Bravo Force: Last Stand

Bravo Force: Last Stand is a game from , originally released 31st December, 1969

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Bravo Force: Last Stand Review

High-score games are fun because they’re challenging. The best of them get you and your friends battling against one another for the bragging rights of being the best. They’re stamina games, meant to push you until you break. Bravo Force: Last Stand takes these ideas and integrates them with Facebook, creating a social media gaming experience.

Bravo Force: Last Stand is very simple. You are the last remaining member of your unit, and you must defend yourself for as long as possible against enemy combatants. You have three firearms: a pistol, a machine gun, and an RPG, as well as a stockpile of grenades. Aside from your pistol, your ammo is limited. Enemies come at you in waves, and you must eliminate them to move forward.

The game uses a basic cover system. To jump up out of cover, you tap and hold the action button in the bottom left corner. To avoid duck back behind cover or reload your weapon, you release the button. Besides this, your soldier does not move. You’re positioned in one fixed location during each wave.

Fire at will.

Controlling your soldier requires various taps and flicks on the screen. Tap an enemy to shoot him, and tap his head for a headshot and additional points. To throw a grenade, you flick from the bottom on the screen towards the area where you want the explosive to land. This is usually imprecise, but the explosion often gets an enemy or two anyway. You even have environmental hazards, like explosive barrels, to shoot and cause splash damage.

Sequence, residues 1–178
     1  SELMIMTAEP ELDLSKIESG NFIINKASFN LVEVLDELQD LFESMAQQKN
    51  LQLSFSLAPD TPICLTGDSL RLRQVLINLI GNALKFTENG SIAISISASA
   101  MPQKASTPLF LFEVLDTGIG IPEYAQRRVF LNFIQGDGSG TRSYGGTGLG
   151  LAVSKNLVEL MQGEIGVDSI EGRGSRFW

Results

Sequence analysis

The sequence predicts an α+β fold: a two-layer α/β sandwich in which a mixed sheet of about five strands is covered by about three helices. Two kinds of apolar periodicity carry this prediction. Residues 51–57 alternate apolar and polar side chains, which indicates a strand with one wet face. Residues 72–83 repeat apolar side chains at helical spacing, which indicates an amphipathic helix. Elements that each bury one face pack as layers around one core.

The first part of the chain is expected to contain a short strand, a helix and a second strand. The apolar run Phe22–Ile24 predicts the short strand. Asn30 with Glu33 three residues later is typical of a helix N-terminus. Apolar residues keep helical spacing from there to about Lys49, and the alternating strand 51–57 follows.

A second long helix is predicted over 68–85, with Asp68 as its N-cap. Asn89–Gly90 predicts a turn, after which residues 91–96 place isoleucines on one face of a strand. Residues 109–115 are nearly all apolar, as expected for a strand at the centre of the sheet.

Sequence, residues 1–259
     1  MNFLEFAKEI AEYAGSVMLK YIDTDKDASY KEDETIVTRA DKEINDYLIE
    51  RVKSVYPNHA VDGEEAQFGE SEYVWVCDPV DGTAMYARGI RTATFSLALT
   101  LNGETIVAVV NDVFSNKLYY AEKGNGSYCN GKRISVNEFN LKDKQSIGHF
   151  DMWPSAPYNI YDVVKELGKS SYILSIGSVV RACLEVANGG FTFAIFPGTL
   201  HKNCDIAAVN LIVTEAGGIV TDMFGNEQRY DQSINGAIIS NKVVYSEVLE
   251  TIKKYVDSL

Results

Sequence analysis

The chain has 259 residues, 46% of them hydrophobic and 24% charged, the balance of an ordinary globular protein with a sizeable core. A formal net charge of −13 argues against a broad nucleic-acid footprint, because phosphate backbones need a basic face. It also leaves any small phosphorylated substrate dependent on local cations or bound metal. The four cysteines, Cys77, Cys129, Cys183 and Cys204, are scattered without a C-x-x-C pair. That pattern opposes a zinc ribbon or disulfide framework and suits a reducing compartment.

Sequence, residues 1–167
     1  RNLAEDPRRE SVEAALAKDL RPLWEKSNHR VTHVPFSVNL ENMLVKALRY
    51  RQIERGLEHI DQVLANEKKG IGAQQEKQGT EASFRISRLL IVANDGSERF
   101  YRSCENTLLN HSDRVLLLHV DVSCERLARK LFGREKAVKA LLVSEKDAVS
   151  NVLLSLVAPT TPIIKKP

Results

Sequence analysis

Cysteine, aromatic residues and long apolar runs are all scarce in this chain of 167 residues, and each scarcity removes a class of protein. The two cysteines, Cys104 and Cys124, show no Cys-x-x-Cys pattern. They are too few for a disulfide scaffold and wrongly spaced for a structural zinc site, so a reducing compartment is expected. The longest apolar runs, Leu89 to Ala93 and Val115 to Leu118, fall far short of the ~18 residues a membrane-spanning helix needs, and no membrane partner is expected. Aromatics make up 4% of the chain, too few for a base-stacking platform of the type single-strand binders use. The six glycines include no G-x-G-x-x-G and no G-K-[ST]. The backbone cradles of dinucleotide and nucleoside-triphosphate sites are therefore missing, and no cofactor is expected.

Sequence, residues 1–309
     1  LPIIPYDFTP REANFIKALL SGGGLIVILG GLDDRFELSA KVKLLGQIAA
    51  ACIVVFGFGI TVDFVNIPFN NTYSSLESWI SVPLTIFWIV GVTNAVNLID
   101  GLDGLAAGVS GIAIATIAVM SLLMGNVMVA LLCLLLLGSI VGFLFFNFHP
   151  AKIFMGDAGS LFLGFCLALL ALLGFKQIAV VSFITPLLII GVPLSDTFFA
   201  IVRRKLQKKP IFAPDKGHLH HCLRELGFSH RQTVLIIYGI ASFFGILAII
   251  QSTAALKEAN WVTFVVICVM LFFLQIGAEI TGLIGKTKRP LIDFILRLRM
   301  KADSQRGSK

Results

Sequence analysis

As the waves progress, so does the difficulty. Enemies in the beginning are few and only carry basic weapons. Once you defeat those, you’ll face snipers, bazooka-wielding soldiers, and enemies behind armored turrets. Every tenth wave is a boss encounter, like a tank. You will need to use your heavy weaponry to take these out.

Even though your ammo is limited, you can buy additional perks to help you out. Completing each wave earns you points, which can buy you advantages like additional ammo, body armor, or even air support. This game is heavily integrated into Facebook, allowing you to log in with your account to earn even more points or prizes. For instance, you can send your Facebook friends gifts to aid them in their Bravo Force game, and vice versa.


Bravo Force also uses a Call of Duty-style leveling system. You level up based on your performance in the game, as well as by completing tasks. For instance, if you shoot 20 enemies with your pistol or unload an entire clip from your machine gun, you complete a task. Completed tasks are replaced by new ones and increase your rank in the game. Rank appears to have no actual advantage in the game itself. It’s solely for the purpose of comparing with your friends.

Besides this, there is very little to the game. Once you take away the social media portions, it’s nothing more than a high-score shooting game. Since there is only one environment, and very few positions for you to attack from, the game gets repetitive very quickly. You will face the same enemies in the same order every time, and with no choice of your main weapons, it’s generally the same experience over and over again.

Though the Facebook integration creates a community and sense of competition between friends, playing Bravo Force over time starts to feel like a chore. Your only way to make the game different each time is to purchase different perks, but the environment and the enemies will remain the same regardless.

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